Many homeowners are surprised to hear that winter is one of the best times to trim your trees. But it’s true, winter pruning brings a lot of benefits to you and your trees including disease and insect prevention, faster healing times, better spring flower production, and the ability to perform a better safety evaluation. Read on to learn exactly why our arborists recommend homeowners, who are due for a tree trimming, schedule their pruning before warmer spring weather comes along.
Benefits of Winter Tree Trimming:
1. Improved Spring Aesthetics
Trimming your tree during the winter also leads to better spring aesthetics and growth. Getting rid of dead, dying, and diseased branches ensures that energy will not be wasted on these branches but instead used to promote growth on healthy branches. By pruning in winter you are essentially invigorating your tree and promoting robust new growth.
Although the new growth and improved aesthetics can be seen on most trees pruned in winter you can especially see the effects on late spring/summer flowering trees. If you have trees that bloom in the spring/summer such as Rose of Sharon, Smoketree, and Chaste Tree, pruning them in the winter will cause an increase in the amount of blooms and their size.
Bonus Tip: Late winter/early spring, right after the last frost, is the best time to prune Crape Myrtles in order to stimulate blooms. Book your Crape Myrtle pruning with RTEC and we will watch the weather and schedule your pruning at just the right time. Learn more about Crape Myrtle Pruning.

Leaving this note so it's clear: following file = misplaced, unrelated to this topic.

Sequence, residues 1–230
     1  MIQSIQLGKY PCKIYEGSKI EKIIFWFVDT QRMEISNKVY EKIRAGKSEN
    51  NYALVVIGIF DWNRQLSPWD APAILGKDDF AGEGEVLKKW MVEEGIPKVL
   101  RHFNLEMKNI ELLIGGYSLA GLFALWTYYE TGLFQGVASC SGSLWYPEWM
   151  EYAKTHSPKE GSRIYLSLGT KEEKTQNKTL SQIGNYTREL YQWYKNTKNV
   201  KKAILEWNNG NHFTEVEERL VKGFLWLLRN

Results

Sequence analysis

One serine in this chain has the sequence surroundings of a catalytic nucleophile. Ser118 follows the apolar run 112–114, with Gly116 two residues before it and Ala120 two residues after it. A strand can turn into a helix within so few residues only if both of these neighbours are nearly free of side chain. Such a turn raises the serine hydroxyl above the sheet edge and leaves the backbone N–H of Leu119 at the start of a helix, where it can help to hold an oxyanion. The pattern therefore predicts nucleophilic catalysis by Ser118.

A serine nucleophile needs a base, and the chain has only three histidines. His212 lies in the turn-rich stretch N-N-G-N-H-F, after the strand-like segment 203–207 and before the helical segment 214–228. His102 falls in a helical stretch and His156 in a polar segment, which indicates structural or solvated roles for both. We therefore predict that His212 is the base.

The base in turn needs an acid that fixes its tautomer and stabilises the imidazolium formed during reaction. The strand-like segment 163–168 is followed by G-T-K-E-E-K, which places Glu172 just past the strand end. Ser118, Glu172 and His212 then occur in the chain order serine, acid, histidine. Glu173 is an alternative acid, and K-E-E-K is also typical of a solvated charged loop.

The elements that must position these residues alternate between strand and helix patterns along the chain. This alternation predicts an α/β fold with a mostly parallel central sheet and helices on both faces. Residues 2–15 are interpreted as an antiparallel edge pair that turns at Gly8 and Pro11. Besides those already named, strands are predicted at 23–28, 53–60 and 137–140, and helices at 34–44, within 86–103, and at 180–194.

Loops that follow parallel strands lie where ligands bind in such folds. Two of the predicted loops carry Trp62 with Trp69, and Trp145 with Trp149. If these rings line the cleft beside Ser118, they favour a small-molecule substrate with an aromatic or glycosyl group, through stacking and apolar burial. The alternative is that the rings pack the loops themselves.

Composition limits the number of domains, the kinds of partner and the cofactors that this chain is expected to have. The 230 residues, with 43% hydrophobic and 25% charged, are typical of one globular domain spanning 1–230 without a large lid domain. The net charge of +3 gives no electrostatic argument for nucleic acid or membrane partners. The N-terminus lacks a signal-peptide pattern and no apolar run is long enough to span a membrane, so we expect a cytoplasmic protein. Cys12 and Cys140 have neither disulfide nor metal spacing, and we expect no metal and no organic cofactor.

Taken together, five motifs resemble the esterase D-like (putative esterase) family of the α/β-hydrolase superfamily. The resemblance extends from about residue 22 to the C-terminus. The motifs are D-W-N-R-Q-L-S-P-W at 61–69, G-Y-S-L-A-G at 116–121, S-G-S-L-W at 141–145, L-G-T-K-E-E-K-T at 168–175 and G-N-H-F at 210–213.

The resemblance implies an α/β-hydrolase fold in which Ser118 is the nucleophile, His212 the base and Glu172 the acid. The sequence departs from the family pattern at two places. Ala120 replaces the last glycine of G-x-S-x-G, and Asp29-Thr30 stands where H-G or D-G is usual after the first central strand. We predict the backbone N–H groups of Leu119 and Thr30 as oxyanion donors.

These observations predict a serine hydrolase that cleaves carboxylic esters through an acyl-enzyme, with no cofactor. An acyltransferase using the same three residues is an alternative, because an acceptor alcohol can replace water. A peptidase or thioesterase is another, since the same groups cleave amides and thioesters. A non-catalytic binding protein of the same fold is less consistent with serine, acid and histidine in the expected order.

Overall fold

2. Faster Recovery
Trees heal and recover faster from tree trimming when it’s performed in the winter. During the spring, summer, and fall the tree is busy using all its energy for other tasks like pushing out new growth, converting sunlight into energy, or getting ready for winter. When you trim your trees in winter there are no leaves or other tasks to use up energy, this allows your tree to put all of its energy directly into healing its bark.
3. Less Risk of Insect & Disease Complications
All tree trimming causes open wounds that need to heal and are at risk of becoming infected. Proper tree trimming techniques reduce the risk of infection and promote rapid healing by making sure the pruning cuts are clean and in the correct location. However, during the spring, summer, and fall, fresh pruning cuts are at a higher risk of becoming infected from disease or infested with insects. By pruning in the winter you get the added benefit of disease and insect prevention. Like trees, insects and diseases are dormant in the winter essentially lowering the risk of infection/infestation to zero.
4. Better Evaluation of Structural Risks
In the winter there are no leaves on the tree to obstruct visual inspections. This means branch defects and structural issues that may have been missed in spring or summer are plainly visible in winter with the absence of leaves. In the cold months, dead branches and structural issues in large shade trees can be easily identified and properly pruned.
Exceptions: Are There Any Species That Shouldn’t Be Pruned In Winter?
For flowering trees/shurbs that have early spring blooms that are on last year’s growth, like Magnolias, Cherries, Azaleas,Flowering Dogwoods, and Eastern Redbuds, pruning in the winter will remove their buds and cause a lack luster spring bloom. If you’re looking to boost flower production and the tree’s aethetics, it’s best to wait until their flowers fade in late spring to prune these types of trees.
Now that you know the benefits of trimming trees in winter, schedule an appointment to get your trees trimmed before the warmer spring weather comes along.